It’s exciting to see Shyamalan on such confident footing once more, all these years later.
Opposites attract, it's true, but the problem with the two divorce lawyers in "Laws of Attraction" is that they're not opposites. They're perfectly well suited to each other, recognize that almost immediately, and tumble into bed at least half an hour, maybe an hour, before that's permitted by the movie's formula. Then they annoy us by trying to deny the attraction while the plot spins its wheels, pretending to be about something.
The two attractive people are Daniel Rafferty (Pierce Brosnan) and Audrey Woods (Julianne Moore). Neither one has ever lost a case. Both are, somewhat oddly, still single despite being awesomely attractive. Maybe it's because of all the divorces they see. Audrey blames it on being the plain daughter of a raving beauty (Frances Fisher), but, I don't know about you, I can't picture Julianne Moore as plain. As for Pierce Brosnan, anyone who thinks he needs to be replaced as James Bond is starkers.
As we all know, the formula for this kind of movie requires the two protagonists to hate each other at first sight. Only gradually do they discover they're in love. I recommend "Two Weeks Notice" (2002), with Sandra Bullock and Hugh Grant, as a superior example of the formula. But in "Laws of Attraction," Brosnan is always more or less in love with Moore, usually more, and so the movie has to resort to wheezy devices to be about anything at all.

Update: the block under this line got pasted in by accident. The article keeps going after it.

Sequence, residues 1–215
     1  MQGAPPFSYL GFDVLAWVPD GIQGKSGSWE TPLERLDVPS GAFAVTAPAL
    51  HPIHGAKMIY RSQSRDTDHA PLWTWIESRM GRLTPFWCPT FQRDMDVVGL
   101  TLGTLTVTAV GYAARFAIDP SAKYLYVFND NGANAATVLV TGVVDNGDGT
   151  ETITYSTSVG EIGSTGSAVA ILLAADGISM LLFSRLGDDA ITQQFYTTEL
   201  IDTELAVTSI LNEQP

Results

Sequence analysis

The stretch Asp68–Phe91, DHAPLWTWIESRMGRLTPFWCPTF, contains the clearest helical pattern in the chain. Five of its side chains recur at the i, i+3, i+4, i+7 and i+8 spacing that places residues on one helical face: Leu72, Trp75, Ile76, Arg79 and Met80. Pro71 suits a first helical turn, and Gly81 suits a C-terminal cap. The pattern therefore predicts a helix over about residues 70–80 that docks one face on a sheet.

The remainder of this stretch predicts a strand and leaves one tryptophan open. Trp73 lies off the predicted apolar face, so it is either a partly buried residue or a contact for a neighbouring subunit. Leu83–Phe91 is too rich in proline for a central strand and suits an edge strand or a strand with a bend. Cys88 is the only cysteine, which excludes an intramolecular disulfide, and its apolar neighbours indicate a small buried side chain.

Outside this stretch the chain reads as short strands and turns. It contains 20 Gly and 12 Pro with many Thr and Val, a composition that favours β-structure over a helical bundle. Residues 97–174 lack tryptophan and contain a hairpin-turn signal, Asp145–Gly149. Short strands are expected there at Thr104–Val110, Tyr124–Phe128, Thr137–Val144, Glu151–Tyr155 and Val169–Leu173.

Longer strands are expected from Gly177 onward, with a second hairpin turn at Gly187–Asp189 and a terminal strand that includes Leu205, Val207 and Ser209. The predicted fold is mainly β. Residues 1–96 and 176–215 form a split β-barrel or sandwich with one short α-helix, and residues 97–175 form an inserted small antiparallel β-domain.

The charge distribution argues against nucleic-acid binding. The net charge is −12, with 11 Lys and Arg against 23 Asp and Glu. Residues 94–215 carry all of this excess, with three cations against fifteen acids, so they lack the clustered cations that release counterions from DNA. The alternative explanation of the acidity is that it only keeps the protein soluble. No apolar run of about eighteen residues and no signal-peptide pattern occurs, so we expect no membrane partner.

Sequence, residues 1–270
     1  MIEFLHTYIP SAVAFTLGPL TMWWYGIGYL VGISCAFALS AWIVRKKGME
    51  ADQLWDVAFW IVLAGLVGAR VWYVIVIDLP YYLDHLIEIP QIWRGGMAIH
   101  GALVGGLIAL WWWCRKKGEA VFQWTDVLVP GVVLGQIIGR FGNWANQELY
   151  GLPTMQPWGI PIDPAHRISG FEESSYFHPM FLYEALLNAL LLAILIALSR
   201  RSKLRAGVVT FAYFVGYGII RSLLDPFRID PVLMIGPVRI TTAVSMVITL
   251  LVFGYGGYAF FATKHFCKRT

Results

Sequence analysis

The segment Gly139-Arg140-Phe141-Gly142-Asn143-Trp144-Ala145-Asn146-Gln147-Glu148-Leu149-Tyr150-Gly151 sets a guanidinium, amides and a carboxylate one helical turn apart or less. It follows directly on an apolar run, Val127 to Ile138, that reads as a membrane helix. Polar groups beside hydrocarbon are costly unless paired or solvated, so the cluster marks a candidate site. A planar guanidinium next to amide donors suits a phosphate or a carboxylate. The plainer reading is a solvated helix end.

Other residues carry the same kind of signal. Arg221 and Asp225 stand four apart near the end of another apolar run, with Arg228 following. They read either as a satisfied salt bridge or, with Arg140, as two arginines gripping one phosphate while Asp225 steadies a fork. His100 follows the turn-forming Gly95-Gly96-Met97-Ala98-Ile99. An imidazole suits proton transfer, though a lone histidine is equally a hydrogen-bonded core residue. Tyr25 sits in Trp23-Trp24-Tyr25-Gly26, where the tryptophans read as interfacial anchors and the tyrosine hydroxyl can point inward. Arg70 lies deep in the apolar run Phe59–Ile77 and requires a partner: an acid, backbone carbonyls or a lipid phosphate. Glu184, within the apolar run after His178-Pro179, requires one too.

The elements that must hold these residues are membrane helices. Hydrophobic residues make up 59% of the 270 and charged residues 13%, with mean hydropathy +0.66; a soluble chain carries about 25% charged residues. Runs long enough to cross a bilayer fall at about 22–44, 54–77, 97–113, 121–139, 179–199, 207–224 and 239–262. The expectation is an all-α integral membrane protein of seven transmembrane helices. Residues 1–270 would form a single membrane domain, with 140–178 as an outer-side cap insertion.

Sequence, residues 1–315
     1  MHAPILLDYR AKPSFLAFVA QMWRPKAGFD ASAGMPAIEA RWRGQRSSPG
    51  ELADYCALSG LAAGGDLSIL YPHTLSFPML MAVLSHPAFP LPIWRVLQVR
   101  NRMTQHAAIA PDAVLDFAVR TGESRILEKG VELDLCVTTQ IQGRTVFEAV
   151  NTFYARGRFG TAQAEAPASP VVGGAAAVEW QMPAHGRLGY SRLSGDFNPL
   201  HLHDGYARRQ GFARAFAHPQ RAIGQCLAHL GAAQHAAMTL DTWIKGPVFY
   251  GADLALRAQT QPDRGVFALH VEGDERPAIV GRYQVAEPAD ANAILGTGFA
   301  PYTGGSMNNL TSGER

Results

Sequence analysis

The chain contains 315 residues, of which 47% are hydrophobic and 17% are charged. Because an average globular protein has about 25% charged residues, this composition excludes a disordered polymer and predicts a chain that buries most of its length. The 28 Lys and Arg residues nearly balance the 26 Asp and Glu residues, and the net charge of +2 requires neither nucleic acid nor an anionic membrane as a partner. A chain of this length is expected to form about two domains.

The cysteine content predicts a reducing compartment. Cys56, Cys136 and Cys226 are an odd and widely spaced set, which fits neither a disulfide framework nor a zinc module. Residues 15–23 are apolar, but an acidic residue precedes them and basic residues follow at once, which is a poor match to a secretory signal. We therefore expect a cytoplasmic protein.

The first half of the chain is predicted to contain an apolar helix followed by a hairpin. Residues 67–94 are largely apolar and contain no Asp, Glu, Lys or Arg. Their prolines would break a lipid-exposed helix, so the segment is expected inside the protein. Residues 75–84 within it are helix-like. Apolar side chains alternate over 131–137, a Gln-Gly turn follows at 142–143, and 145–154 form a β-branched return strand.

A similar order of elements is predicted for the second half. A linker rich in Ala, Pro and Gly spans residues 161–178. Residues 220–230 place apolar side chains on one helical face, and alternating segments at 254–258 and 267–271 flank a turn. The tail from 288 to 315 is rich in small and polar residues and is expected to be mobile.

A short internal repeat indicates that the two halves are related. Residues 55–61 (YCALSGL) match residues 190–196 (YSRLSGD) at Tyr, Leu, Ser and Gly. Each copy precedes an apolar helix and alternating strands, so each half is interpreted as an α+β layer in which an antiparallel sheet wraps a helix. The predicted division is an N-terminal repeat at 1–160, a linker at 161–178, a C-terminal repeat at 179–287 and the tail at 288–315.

It gives him offices, for example, above a grocery in Chinatown. Why? Because Chinatown is a colorful location, although an undefeated divorce lawyer could afford uptown rents. I am reminded of "What A Girl Wants" (2003), in which Amanda Bynes and her mother Kelly Preston live in an apartment in Chinatown, again without a single Chinese person saying one word in the movie, simply because you get the colorful location for free.